Critical thermal limits, temperature tolerance and water balance of a sub-Antarctic kelp fly, Paractora dreuxi (Diptera: Helcomyzidae)

C. Jaco Klok, Steven L. Chown

Research output: Contribution to journalArticleResearchpeer-review

61 Citations (Scopus)

Abstract

Paractora dreuxi displays distinct ontogenetic differences in thermal tolerance and water balance. Larvae are moderately freeze tolerant. Mean larval onset of chill coma was -5.1°C, and onset of heat stupor was 35.5°C. Larval supercooling point (SCP) was -3.3°C with 100% recovery, although mortality was high below -4°C. Starvation caused SCP depression in the larvae. Adults were significantly less tolerant, with critical thermal limits of -2.7 and 30.2°C, no survival below the SCP (-9.6°C), and no change in SCP with starvation. Moderate freeze tolerance in the larvae supports the contention that this strategy is common in insects from southern, oceanic islands. Fly larvae survived desiccation in dry air for 30 h, and are thus less desiccation tolerant than most other sub-Antarctic insect larvae. Water loss rates of the adults were significantly lower than those of the larvae. Lipid metabolism did not contribute significantly to water replacement in larvae, which replaced lost body water by drinking fresh water, but not sea water. Kelp fly larvae had excellent haemolymph osmoregulatory abilities. Current climate change has led to increased temperatures and decreased rainfall on Marion Island. These changes are likely to have significant effects on P. dreuxi, and pronounced physiological regulation in larvae suggests that they will be most susceptible to such change. (C) 2000 Elsevier Science Ltd.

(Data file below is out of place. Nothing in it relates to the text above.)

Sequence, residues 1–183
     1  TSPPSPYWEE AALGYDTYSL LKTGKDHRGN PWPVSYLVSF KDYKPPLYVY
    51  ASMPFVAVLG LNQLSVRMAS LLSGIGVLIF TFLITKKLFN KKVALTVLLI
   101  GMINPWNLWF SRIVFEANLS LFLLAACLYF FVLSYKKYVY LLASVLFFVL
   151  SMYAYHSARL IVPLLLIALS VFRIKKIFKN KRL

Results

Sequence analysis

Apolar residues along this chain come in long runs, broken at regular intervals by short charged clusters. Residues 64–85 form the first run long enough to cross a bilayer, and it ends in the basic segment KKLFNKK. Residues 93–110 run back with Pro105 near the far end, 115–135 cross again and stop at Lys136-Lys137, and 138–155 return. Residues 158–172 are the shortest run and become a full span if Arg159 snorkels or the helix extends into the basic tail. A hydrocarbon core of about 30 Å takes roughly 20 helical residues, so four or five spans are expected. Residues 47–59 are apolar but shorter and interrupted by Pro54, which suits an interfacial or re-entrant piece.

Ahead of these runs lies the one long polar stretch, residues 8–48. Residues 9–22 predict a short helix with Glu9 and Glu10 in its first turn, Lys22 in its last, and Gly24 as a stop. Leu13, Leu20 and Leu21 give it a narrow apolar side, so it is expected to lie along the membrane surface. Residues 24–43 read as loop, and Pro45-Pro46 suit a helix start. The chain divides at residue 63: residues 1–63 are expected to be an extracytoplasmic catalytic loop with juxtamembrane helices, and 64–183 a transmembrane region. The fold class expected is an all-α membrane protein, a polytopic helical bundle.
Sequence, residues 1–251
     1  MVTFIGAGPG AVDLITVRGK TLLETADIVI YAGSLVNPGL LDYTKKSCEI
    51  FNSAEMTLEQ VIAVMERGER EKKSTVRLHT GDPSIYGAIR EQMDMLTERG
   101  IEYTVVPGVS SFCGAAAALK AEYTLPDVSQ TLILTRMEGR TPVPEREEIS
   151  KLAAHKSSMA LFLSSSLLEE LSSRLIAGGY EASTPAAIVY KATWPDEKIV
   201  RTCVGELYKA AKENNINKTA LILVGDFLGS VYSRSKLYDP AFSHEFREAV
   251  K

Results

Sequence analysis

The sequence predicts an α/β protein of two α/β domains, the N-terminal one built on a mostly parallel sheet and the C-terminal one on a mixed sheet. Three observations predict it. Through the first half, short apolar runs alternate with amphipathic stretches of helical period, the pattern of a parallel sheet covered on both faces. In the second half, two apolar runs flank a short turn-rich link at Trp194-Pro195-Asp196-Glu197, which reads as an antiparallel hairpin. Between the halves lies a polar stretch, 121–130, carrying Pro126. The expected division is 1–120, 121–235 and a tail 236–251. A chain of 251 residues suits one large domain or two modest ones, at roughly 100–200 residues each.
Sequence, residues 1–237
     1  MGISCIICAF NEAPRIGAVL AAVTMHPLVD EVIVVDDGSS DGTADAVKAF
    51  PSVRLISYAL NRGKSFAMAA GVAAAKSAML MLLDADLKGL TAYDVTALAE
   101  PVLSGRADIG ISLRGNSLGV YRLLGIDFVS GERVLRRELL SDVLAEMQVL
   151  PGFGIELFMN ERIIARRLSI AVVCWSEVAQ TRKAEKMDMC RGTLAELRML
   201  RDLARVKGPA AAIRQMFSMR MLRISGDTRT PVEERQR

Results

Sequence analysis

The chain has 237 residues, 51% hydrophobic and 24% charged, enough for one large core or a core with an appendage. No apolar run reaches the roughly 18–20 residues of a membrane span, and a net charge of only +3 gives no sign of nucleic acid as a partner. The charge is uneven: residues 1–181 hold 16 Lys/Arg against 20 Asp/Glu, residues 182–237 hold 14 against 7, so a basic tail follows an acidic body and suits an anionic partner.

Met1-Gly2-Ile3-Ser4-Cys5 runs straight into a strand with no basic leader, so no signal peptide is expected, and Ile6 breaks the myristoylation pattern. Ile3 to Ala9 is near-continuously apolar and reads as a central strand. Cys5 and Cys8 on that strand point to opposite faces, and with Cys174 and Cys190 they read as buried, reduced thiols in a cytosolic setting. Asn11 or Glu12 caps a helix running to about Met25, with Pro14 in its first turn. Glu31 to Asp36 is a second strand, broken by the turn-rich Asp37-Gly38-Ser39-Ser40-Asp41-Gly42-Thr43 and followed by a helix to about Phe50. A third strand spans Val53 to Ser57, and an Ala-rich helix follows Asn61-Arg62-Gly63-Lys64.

Original languageEnglish
Pages (from-to)95-109
Number of pages15
JournalJournal of Insect Physiology
Volume47
Issue number1
DOIs
Publication statusPublished - 1 Jan 2001
Externally publishedYes

Keywords

  • Climate change
  • CT(Max)
  • CT(Min)
  • Freeze tolerance
  • Marion Island
  • Ontogenetic differences
  • Osmoregulation

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